Formerly homeless West Sussex firefighter praised for returning to rough sleeping for The Great Tommy Sleep Out Challenge
A West Sussex firefighter who was made homelessness a few years ago has raised more than £1,000 for a veterans charity after taking part in The Great Tommy Sleep Out Challenge.
Steve Foster, Blue Watch crew manager at Worthing Fire Station, found himself living in a tent over winter a few years ago but said he was at least still working at the time.
He wanted to support others who are not so lucky, so he spent three nights sleeping under the stars to raise money for Royal British Legion Industries, the leading provider of employability services to the disabled and disadvantaged in the Armed Forces community.
He was joined by fellow firefighter Matthew Harris and his 11-year-old daughter Eloise, and between them they have raised £1,055 so far to help support the estimated 6,000 veterans who are currently homeless in the UK.
Steve said: “Very few people will know this but around seven years ago, I became homeless and found myself living in a tent in a nature reserve for a few months over the winter period.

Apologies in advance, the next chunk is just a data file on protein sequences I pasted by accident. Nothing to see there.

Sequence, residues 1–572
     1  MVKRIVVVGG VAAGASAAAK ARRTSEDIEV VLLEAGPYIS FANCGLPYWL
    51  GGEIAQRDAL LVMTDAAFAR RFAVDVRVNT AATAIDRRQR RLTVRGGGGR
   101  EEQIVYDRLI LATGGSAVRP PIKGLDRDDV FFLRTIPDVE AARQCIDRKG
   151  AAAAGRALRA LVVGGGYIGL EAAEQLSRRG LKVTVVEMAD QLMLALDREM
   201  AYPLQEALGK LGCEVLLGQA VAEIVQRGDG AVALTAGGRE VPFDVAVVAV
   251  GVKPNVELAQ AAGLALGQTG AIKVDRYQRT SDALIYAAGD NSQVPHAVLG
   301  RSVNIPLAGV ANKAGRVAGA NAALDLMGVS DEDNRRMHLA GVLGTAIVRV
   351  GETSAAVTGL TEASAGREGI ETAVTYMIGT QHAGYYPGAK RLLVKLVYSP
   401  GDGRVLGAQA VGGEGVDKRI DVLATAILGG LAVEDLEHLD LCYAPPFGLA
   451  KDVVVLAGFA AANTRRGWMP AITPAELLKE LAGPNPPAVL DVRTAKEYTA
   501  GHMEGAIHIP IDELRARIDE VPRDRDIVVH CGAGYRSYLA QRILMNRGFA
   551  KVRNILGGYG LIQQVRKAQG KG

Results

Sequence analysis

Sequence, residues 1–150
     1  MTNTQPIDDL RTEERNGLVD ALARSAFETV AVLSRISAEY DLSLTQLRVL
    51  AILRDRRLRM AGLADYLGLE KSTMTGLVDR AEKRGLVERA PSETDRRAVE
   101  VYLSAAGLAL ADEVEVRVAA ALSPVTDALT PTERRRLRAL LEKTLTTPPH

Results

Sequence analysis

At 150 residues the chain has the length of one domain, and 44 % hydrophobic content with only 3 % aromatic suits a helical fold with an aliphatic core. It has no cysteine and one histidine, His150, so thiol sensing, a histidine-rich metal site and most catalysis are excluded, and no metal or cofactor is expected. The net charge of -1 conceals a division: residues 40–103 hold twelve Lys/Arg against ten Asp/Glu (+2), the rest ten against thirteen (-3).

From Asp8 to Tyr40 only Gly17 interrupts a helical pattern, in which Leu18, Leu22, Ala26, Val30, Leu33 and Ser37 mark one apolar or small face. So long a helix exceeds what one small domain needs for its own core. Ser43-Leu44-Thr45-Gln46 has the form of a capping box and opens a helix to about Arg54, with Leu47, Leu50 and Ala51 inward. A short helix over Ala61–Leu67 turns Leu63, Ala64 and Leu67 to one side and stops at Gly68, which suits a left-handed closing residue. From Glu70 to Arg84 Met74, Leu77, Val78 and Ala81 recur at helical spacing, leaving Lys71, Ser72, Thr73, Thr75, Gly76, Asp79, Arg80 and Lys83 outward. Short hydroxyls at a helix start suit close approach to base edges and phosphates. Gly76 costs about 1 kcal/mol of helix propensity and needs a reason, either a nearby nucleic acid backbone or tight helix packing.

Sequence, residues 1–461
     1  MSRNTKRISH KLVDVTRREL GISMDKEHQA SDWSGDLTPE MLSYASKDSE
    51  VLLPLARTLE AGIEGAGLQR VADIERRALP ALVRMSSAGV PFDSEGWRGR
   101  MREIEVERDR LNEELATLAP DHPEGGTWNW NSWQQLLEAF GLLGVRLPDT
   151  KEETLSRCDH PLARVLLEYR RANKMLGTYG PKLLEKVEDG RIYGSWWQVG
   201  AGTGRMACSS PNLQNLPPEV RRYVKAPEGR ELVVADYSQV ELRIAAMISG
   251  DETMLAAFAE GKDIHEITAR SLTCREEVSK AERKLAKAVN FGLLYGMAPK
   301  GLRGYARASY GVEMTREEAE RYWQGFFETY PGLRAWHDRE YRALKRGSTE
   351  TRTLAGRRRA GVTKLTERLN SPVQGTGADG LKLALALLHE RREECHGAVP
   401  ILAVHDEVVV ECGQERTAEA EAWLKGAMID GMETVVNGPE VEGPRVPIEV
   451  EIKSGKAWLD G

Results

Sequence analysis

“I managed to hide the fact I was homeless from my family and my employer but I was lucky enough to still be employed by the fire service and have a fire station I could use to shower and have some sort of normality in my life. Others aren’t so lucky.”
He said that was why he and Matt braved the cold, ‘to help get veterans off the streets and into safe, warm housing and support those with disabilities’.
They had no provisions and no money for the duration of the challenge. The trio said it was extremely cold, with temperatures dropping to two degrees Celsius, and by the end, they were all very tired, but they were happy with what they had achieved and thanked everyone ‘who made this happen’.
Having had approval from Sussex Police, they slept rough for three nights, starting on Wednesday, March 24, at locations on the outskirts of Worthing, Chichester and Burgess Hill.
Chief Fire Officer Sabrina Cohen-Hatton said: “Returning to sleep out on the streets, even for a few nights, is not a decision anyone who has experienced homelessness would make lightly, and so I understand what a huge step this must have been for Steve to take.
“But I would like to commend him for taking his own experience of homelessness and using it for a force for good.”